Algeria attracts few visitors, yet despite its harsh past, it offers a striking beauty. There are countless points of interest, from the capital city to the neighboring areas and towns. Even better, the nation is home to seven magnificent UNESCO World Heritage Sites, which are listed below. Don’t forget to include them on your itinerary.
When even UNESCO names Djemila as one of the most stunning Roman ruins in the entire world, there is no disputing that the place is spectacular. Unquestionably one of the most important places in North Africa, Djemila is located in the Setif-adjacent highlands. It is the location of old Cuicul, with its spectacular wheel-rutted roads, two fora, and ornate churches, homes, and temples. Not to be missed is the museum in Djemila, which features beautiful mosaics on its walls.
Even though Algiers is frequently disregarded by tourists, it is still fascinating. The city’s art deco architecture is exuberant and amusing, wonderfully fusing French opulence with neo-Moorish folly. The famed casbah there, which Le Corbusier called “a marvel of architecture and town planning,” is the cherry on top. With its fabled labyrinths and numerous dwellings perched on the slope, the casbah is undoubtedly an intriguing location.
Ghardaia & Beni Isguen
Ghardaia, a captivating Saharan village listed as a UNESCO World Heritage Site in the M’zab Valley, is a short flight from busy Algiers. The beautiful walled town of Beni Isguen, where ladies only dress in white, is a must to see. The so-called “four-fingered mosque, the market square, the historic centre of Ghardaia, the tombs of the regional religious leaders, and lastly a date farm with a sophisticated traditional irrigation system are further features.
Who wouldn’t want to imagine themselves strolling along the Mediterranean Sea in peace and calm surrounded by lovely palm trees? Such a location formerly served as an inspiration for Albert Camus. There is a lot to see for those who enjoy ancient history, from Phoenician to Paleo-Christian ruins to Roman and Byzantine ones. And it doesn’t stop there. A Mauritanian mausoleum, a historic basilica, and the largest Christian building in the area are also present.
Think again if you believed that Italy was the only country that could claim a city like Pompeii. Timgad is unquestionably Africa’s Pompeii. It is a masterwork of Roman urban planning and was constructed under Emperor Trajan in the year 100 AD as defence against the disruptive Berbers. Even now, centuries later, this colonial settlement in Algeria’s Aurès Mountains continues to represent the grid plan, a crucial component of Roman urban design.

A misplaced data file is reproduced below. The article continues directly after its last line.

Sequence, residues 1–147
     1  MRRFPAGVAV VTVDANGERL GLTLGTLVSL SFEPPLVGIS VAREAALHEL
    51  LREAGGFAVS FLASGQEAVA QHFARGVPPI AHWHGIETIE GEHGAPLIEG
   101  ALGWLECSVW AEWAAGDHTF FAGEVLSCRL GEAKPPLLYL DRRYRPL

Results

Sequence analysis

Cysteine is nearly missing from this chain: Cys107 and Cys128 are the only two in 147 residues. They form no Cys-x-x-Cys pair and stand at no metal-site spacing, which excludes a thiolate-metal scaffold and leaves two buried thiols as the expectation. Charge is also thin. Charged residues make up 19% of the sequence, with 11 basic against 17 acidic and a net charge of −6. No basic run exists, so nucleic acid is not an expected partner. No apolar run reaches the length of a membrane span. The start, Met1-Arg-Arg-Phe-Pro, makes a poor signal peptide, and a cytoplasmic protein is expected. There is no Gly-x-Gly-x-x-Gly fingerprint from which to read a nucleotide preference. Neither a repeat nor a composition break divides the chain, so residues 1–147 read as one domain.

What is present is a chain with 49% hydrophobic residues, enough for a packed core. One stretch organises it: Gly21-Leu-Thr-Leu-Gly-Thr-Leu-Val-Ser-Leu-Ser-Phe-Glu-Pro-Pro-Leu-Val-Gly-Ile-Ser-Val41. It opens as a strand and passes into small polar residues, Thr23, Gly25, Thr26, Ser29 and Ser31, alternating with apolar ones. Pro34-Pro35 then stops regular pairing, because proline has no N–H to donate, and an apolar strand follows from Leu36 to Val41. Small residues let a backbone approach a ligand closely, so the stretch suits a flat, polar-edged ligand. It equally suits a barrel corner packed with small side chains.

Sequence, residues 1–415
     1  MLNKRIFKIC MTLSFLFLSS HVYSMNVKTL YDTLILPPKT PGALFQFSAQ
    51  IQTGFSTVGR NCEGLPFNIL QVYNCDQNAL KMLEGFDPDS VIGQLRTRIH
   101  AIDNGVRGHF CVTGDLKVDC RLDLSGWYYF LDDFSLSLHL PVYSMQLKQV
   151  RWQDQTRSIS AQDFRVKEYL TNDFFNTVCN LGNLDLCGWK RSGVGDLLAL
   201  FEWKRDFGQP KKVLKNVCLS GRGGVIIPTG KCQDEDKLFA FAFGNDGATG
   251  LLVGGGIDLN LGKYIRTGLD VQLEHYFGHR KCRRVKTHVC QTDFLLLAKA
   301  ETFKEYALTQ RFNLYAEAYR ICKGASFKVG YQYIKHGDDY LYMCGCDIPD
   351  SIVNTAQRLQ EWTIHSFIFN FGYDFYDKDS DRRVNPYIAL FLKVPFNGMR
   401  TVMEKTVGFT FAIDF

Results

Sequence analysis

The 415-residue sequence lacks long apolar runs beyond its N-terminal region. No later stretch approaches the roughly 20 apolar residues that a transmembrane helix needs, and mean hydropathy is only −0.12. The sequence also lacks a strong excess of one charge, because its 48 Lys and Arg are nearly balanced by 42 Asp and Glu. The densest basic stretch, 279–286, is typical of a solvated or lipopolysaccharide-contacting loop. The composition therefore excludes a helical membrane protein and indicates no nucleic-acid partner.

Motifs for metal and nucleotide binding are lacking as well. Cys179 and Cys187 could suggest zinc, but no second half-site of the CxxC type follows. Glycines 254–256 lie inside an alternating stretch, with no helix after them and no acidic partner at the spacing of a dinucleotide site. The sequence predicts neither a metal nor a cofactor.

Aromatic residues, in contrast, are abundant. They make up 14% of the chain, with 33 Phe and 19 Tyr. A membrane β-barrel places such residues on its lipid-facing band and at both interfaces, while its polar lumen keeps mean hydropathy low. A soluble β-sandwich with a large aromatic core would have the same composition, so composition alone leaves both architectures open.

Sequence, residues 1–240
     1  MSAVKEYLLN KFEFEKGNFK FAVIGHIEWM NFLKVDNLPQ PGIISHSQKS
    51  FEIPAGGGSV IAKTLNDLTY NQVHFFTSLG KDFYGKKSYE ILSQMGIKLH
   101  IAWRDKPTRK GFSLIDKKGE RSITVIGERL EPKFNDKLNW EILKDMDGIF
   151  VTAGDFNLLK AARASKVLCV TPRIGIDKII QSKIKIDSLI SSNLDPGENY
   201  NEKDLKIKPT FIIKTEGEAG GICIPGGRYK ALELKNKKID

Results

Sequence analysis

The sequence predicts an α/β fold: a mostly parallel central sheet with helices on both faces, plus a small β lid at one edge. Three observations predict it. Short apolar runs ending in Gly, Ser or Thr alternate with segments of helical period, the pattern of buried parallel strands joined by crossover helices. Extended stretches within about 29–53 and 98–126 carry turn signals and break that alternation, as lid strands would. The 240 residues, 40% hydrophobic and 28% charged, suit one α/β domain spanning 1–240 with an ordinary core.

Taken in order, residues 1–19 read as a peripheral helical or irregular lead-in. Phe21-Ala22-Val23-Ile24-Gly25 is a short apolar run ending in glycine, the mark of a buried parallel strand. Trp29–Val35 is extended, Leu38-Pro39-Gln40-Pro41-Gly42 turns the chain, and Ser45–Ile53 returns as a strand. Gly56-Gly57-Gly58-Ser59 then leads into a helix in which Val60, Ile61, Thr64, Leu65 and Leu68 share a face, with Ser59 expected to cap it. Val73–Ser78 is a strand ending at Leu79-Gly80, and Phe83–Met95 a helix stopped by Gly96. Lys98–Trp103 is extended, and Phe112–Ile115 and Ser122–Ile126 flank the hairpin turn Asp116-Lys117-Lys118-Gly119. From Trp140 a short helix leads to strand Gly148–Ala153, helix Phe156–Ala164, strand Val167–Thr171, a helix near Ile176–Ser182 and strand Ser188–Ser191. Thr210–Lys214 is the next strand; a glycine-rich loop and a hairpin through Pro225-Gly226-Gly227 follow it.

The initial capital established by the Hammamid emirs in 1007 is still in ruins in Beni Hammad. Regrettably, it was destroyed in 1152. However, this breathtaking mountainous location continues to offer one of the most accurate depictions of Muslim fortification. It is one of the most precisely dated enormous complexes of the Islamic civilization and a fascinating one. The mosque, which has a prayer space with 13 aisles, is the second-largest mosque in Algeria after Mansourah. Its minaret is the second-oldest in the world. This location, which must have been magnificent in its heyday, is a superb representation of Hammad civilisation, conventional architecture, and a local culture of several palaces.
Djanet and the Tassili
In addition to its towering sand dunes, ancient ksars, vertical walled gorges, oasis, natural springs, palm groves, and other attractions, Djanet is a lovely setting. It is located in the rugged Tassili region of southeast Algeria, close to the Niger border. Tassili, which translates to “plateau of the rivers” in Arabic, is a natural museum with more than 15,000 incredible rock carvings and paintings that show prehistoric animals including giraffes, crocodiles, and cattle.